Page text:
Yes, but what surprised me is that guitar was never at a repair shop. I bought it freshly made, and clearly it had some cracks in the top that they hid well enough I never saw them until I'd let it dry out from lack of interest much later. Plus all the cleats have a tiny hole in the center which makes me think they actually did it after mounting the top. Just kind of interesting to think of how the assembly techniques are a bit unique from what was then pretty close to a third world country, at least in the countryside. Roy


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PostPosted: Sun Nov 17, 2019 6:17 pm 
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Mahogany
Mahogany

Joined: Thu Feb 15, 2018 11:06 am
Posts: 72
First name: Roy L
Last Name: Smith
City: Apache Junction
State: Az
Zip/Postal Code: 85119
Country: USA
Focus: Repair
Status: Amateur
Continuing in the vein of things not to do like I did if you're a beginner...
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For some reason I didn't understand that when you mount the top, the braces should go inside the sides, not on top.That coupled with the fact that I routed the original top off a little too deeply left me with some gaps that I felt should be filled in so the binding has more meat to attach itself to. I had some thin cherry and walnut I had cut in tuning up my bandsaw, so...
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And then I was ready to start the binding and purfling. I didn't take pix of the first one, but I was using CA in between the tape, and I way overdid it on the CA, (evidently it should be closer to a drop that stays away from the tape?) so now I need to clean up CA that ran under the tape, it's quite the mess. I'm hoping this one does not have that same problem. Won't know for sure til I pull the tape.
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til my next mistake.....Roy


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PostPosted: Sun Nov 17, 2019 6:28 pm 
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Mahogany
Mahogany

Joined: Thu Feb 15, 2018 11:06 am
Posts: 72
First name: Roy L
Last Name: Smith
City: Apache Junction
State: Az
Zip/Postal Code: 85119
Country: USA
Focus: Repair
Status: Amateur
Forgot to mention that I did add kerfing to the Philippine guitar. Not so much a mistake, just wasn't sure there was enough attachment area with only the bamboo.
Image

Roy


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PostPosted: Fri Nov 22, 2019 1:25 pm 
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Mahogany
Mahogany

Joined: Thu Feb 15, 2018 11:06 am
Posts: 72
First name: Roy L
Last Name: Smith
City: Apache Junction
State: Az
Zip/Postal Code: 85119
Country: USA
Focus: Repair
Status: Amateur
OK, binding on both guitars. Ended up looking ok for my first try, I think. Just used my cheap Harbor freight laminate trimmer, plus the Stew Mac basic bearing set. I did stress a bit over how to get set up for a fairly exact cut of both ledges, which I can't brag about. But sandpaper fixes a good bit. Filipino guitar; top is roasted cedar, so a bit darker than I would have chosen if I was thinking from experience.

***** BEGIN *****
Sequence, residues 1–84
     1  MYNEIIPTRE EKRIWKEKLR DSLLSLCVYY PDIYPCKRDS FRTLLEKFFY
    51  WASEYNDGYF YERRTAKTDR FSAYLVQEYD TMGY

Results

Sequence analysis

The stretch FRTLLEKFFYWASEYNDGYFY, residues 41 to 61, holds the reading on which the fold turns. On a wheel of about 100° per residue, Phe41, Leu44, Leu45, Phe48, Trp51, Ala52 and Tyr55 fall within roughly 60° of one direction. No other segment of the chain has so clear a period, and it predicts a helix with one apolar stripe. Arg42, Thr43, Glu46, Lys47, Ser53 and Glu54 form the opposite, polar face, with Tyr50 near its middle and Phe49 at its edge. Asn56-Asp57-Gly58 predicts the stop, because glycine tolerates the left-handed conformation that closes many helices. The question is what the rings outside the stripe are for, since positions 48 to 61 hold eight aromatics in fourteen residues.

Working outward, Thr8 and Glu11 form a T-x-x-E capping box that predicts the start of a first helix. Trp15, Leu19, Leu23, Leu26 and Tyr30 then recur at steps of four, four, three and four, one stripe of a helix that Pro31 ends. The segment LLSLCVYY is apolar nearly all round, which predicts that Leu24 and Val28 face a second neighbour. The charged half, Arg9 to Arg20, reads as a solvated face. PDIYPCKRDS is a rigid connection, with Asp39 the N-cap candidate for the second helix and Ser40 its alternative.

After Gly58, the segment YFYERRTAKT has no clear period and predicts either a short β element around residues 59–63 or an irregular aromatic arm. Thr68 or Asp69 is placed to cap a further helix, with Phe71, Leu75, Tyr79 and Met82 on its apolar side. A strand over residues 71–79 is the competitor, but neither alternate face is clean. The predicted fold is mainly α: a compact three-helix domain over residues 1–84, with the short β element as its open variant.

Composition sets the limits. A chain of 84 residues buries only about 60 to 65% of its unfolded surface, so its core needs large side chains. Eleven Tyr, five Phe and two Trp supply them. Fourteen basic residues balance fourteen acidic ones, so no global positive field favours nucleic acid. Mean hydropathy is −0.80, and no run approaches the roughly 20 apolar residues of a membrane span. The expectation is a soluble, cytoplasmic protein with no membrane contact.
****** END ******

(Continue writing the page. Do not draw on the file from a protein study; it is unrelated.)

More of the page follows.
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The Italian Monarch. One noob mistake I should mention; I was using CA to tack the binding down, but I way overdid it while the binding and purfling were taped, should have just used a drop in all the spaces between tape til I took the tape off the next day. I'm still doing some cleanup of the side where the tape got super glued to the side. Good news is I think I could do a better job the next time I do one. Another mistake I made is when I ordered the purfling, I didn't really have a plan for what I wanted, so I ended up with a tiny strip of black that I really should have bought already laminated to the black and white.
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Guess I could at least do a close up pic or two, can't tell much at a full view. What you can tell from that pic is that I didn't do a great job of glueing the two halves of the top together initially, so I redid it, and when I did, I took most of the center out of one side. So you can see the two darker streaks are not symmetrical as they should be. So far I'm happy to be learning all this stuff from re-topping cheap guitars rather than starting off with a $600 plus kit and making the same mistakes. Roy


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PostPosted: Fri Nov 22, 2019 1:53 pm 
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Mahogany
Mahogany

Joined: Thu Feb 15, 2018 11:06 am
Posts: 72
First name: Roy L
Last Name: Smith
City: Apache Junction
State: Az
Zip/Postal Code: 85119
Country: USA
Focus: Repair
Status: Amateur
So here's a closer pic of the binding and purfling. Pretty plain jane, but that's what I wanted to try for my first time, especially since I've no way to bend any wood bindings, which would have been a preference... someday. Since they are old guitars, I used cream instead of white; don't think either would have been a perfect match to the back bindings.
Image
Image

Roy